Short Sale Laws that Favor Home Sellers in California in 2013 September 17, 2013 by dreamwellhomes

Short Sale Information and Favorable Laws for California Homeowners

Here are the Short Sale related laws you should know about as a homeowner. Please seek the advice of a real estate attorney and a tax professional on how these laws apply to your specific situation.

First Mortgage: SB 931 Deficiency Waiver on Short Sales

Second Mortgages: SB 458 Release of Liability on Short Sales in California

Short Sale Related Laws

SB 931- When the First mortgage holder of your loan accepts full payment and satisfaction of all your outstanding first loan from the successful completion of  the sale of your home, your lender is  is prevented from pursuing a deficiency against you even after a short sale. This is great news!What this means to you as a homeowner in California is that this releases you from further liability (deficiency) when the bank accepts and approves the completed short sale. Click here to read more information on SB 931 and see how this may apply to your individual situation. At any rate, whenever you are negotiating a short sale, it would still be beneficial to have your real estate agent ask for the lender to issue a short sale approval letter with the verbiage indicating a waiver of future deficiency and no promissory note. Also read more about the favorable law Code of Civil Procedure 580-e here.

In California, homeowners who sell their home through a short sale may qualify for the California Mortgage Forgiveness Debt Relief under SB 401, which was enacted on April 12, 2010. This mortgage forgiveness debt relief act allows taxpayers who have had all or part of their loan balance on their principal residence forgiven by their lender to exclude the forgiven debt from California gross income. This tax relief for those who short sell their homes in California apply to discharges of qualified residence indebtedness on or after January 1, 2009 and before January 1, 2013. Read more about this from the California Franchise Tax Board website under SB 401.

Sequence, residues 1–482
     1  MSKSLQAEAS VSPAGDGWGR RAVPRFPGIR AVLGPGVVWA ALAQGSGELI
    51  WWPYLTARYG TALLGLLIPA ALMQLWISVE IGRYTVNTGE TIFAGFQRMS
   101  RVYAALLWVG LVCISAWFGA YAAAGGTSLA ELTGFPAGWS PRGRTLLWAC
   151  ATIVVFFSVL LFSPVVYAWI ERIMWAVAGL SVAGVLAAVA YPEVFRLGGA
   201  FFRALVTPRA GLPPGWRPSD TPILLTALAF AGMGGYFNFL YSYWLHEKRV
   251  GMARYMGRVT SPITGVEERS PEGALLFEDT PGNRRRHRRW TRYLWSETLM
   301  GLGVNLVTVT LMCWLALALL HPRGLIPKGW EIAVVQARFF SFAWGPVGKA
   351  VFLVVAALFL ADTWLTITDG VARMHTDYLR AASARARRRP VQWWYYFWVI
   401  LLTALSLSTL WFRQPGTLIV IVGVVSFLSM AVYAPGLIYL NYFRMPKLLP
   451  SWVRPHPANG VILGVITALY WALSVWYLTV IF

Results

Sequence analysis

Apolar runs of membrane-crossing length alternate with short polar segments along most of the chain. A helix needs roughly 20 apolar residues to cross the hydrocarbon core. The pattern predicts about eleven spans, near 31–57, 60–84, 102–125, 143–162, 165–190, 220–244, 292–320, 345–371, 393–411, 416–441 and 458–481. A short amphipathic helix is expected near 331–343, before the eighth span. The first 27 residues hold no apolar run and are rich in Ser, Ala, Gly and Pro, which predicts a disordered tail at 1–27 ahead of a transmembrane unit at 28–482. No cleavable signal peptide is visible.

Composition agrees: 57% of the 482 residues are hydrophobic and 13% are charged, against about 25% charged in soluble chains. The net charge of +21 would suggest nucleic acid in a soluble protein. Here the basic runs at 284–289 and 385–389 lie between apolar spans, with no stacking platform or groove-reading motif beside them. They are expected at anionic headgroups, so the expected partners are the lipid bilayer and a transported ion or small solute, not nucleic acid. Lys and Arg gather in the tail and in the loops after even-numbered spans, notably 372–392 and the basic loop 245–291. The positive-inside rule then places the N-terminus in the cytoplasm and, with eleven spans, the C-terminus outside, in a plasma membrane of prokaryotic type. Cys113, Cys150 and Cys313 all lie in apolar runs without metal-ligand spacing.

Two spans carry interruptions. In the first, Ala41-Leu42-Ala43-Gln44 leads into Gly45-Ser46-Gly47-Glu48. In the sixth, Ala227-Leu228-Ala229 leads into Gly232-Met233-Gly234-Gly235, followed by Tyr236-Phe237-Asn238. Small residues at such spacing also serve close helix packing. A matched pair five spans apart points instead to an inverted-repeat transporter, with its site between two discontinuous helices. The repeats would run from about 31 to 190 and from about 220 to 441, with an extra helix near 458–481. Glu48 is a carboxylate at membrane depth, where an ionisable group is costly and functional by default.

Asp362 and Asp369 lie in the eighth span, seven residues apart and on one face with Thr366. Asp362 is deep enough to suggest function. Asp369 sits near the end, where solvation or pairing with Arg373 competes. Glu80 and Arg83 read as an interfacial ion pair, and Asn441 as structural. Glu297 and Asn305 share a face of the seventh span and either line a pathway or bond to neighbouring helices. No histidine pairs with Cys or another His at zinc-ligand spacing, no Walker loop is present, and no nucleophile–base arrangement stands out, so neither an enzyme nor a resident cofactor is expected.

The California Tax Relief limits the amount of qualified principal indebtedness up to $800,000 for those who file as married, joint, head of household and up to $400,000 for those who file as married/RDP filing separately. See State of California Franchise Tax Board for more details. In order to claim tax relief, your would need to file Form 540 or Form 540X for a previously filed tax return.

Consult your tax advisor regarding how this tax relief may apply to your individual situation.

 

Currently there is a disparity between the Federal and State of California Mortgage Debt Relief Forgiveness Tax Treatment for 2013

2013 Update on State of California Short Sale Mortgage Debt Relief Forgiveness:

SB-30 Taxation: Cancellation of Indebtedness: Mortgage Debt Forgiveness in California.This bill would extend the operation of the exclusion of the discharge of qualified principal residence indebtedness to debt that is discharged on or after January 1, 2013, and before January 1, 2014.

As of this writing SB 30 is an active bill in committee process. Lawmakers are in favor of extending the California cancellation of indebtedness: mortgage debt forgiveness. The bad news is that SB 30 is being held hostage to an unpopular bill SB 391, which makes SB 30 operative only if Senate Bill 391 of the 2013–14 Regular Session is enacted and takes effect!

Committee Hearing Date on the 2013 California Mortgage Debt Relief Forgiveness Act is scheduled on 05/23/13. See status of the California Short Sale law here.

The federal Mortgage Forgiveness Debt Relief Act only provides for the exclusion of COD income relating to qualified principal residence. If you have COD income as the result of a foreclosure on other property, such as a second (vacation) home, rental, or other business property, you may still be able to exclude COD income under other provisions if: